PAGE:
Given the work that I do, I spend a lot of time thinking about how people can make big changes in their lives. (I’m an equity, diversity, and inclusion consultant, a professional speaker, and the author of an empowerment book.)
What I’ve noticed consistently in my work is this: so many of us want to change how we behave in order to live happier lives and to create lasting change, but we find it so hard to make this happen. We yearn for things to be different, but we often don’t know how to get there, and unfortunately, the advice we typically receive to change our lives — “just follow your dreams” or “just be yourself” or “focus on being positive” — often isn’t constructive enough to help us.
What we really need is a practical way to create behavioral change in our lives so that we are more in alignment with how we want to be living. And that’s where a framework that I call the Seven Behavioral Dimensions comes into play. If you want to live your best, you need to master the Seven Behavioral Dimensions.
Understand Your Behavior, Change Your Life
In my book The Authenticity Principle, I talk in detail about a concept I’ve developed called the Seven Behavioral Dimensions. These dimensions reflect seven behavioral areas in which we make decisions, both consciously and unconsciously, about how to act at any given time.
In particular, all day long you’re deciding both consciously and unconsciously about how you want to behave across seven areas including how you express your emotions, how you communicate non-verbally, how you speak, your appearance, your actions, and more. (You can learn more about them here.)
Understanding how you’re currently behaving in each of the Seven Behavioral Dimensions is an important foundation for understanding what changes you need to make in your life to get you closer to where you want to be. Once you understand the reasons for your behavior, you then have the knowledge to begin making big changes in your life.
Here’s my question for you: how are you currently showing up in each of the Seven Behavioral Dimensions?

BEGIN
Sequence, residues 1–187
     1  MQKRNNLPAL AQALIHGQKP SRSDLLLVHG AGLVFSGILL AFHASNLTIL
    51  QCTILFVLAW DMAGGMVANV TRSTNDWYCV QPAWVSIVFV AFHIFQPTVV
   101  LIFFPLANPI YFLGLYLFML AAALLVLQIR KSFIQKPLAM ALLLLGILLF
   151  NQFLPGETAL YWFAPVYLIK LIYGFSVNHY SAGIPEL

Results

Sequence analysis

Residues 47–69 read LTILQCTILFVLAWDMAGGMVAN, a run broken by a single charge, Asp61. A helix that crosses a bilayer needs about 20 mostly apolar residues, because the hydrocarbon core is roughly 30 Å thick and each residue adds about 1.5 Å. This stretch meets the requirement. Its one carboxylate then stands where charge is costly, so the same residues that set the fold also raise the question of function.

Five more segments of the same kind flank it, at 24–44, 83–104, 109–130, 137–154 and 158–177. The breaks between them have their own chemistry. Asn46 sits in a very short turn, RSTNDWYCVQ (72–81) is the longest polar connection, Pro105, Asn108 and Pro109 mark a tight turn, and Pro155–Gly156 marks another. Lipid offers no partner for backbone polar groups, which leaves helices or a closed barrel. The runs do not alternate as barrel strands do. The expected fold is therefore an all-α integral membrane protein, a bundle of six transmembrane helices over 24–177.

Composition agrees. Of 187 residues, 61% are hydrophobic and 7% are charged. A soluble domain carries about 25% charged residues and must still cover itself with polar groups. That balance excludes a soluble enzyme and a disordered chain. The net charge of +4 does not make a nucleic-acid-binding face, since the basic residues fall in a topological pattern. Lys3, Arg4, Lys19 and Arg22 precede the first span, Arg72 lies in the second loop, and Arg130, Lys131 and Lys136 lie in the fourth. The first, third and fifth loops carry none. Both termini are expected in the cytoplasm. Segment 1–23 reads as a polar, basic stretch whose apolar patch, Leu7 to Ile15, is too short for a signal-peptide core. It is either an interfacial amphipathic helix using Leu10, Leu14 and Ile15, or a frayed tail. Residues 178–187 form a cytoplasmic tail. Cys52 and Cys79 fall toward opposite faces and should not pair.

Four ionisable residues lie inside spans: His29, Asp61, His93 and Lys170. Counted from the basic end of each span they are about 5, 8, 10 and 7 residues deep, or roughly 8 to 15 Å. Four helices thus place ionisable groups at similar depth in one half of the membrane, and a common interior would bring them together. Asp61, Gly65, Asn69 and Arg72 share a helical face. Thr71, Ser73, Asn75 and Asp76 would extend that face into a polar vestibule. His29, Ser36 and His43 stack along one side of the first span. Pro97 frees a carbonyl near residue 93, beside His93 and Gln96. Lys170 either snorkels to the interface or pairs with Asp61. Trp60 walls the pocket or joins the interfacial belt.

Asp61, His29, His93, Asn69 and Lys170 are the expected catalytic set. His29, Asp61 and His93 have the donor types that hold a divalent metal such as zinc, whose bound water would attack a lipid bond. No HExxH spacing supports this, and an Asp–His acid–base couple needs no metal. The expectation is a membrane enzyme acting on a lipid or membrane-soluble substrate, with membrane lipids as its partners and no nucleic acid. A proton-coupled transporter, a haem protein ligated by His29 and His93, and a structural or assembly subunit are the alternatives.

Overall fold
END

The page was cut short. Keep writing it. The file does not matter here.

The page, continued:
Small Behavioral “Nudges” Will Change How You Act and How You Think
In her book, Presence: Bringing Your Boldest Self to Your Biggest Challenges, Amy Cuddy describes the act of making small behavioral changes as “self-nudging.” She explains that self-nudges are minimal modifications to your behavior, which are intended to produce small psychological and behavioral improvements in the moment (for example, sitting more upright or placing your hands on your hips when speaking — behavior that will lead you to feel more confident — rather than starting with full-blown power posing). They are tiny tweaks with the potential to lead to big changes over time.
Cuddy explains that self-nudges are very powerful because they’re small and require minimal psychological and physical commitment, and the real magic is that while we think our attitudes will change our behavior, the reverse is true as well — attitudes follow from behaviors.
To take this a step further, when you change your behavior, it ultimately changes your thoughts and mindset.
Break Down Your Behavior
Looking closely at how you are showing up in each of the Seven Behavioral Dimensions will help you understand the conscious and unconscious decisions you’ve been making about how you show up. It will also help you connect the dots on where you should be “self-nudging” in order to get closer to being in alignment with how you want to behave.
Think about what you want to have happen in your life and about what’s most important to you. Do you want to attract friends you can be yourself around? Do you want to get your dream job? Do you want to live more authentically? Do you want to better connect with your children? Do you want to live a values-based life?
When you know what kind of change you want to make, then you can use the Seven Behavioral Dimensions to build yourself a practical plan for change. For example, if your goal is to better connect with your children, you might note that you currently spend little time exploring your kids’ passions. Now that you’re aware of your behavior, you can consciously start engaging in activities with your kids that enable you to learn more about their needs and wants.
If your goal is to live a life that reflects your value of kindness, you might note that when you’re stressed at work, you’re letting it affect how you speak to your colleagues (you tend to be very direct when stressed). In the “words you use” dimension, you might decide to invoke a deliberate pause before speaking to be more mindful of the impact of your words.
The key is to start small. Choose a manageable number of incremental changes that will give you small wins and help get you comfortable with living differently. Over time, you can move on to more challenging behavioral adjustments.
So here’s my takeaway question for you: what are the small behavioral nudges you want to make across each of the Seven Behavioral Dimensions?
The important thing to remember is that you are in the driver’s seat when it comes to your behavior. You have all the tools you need to change your life!
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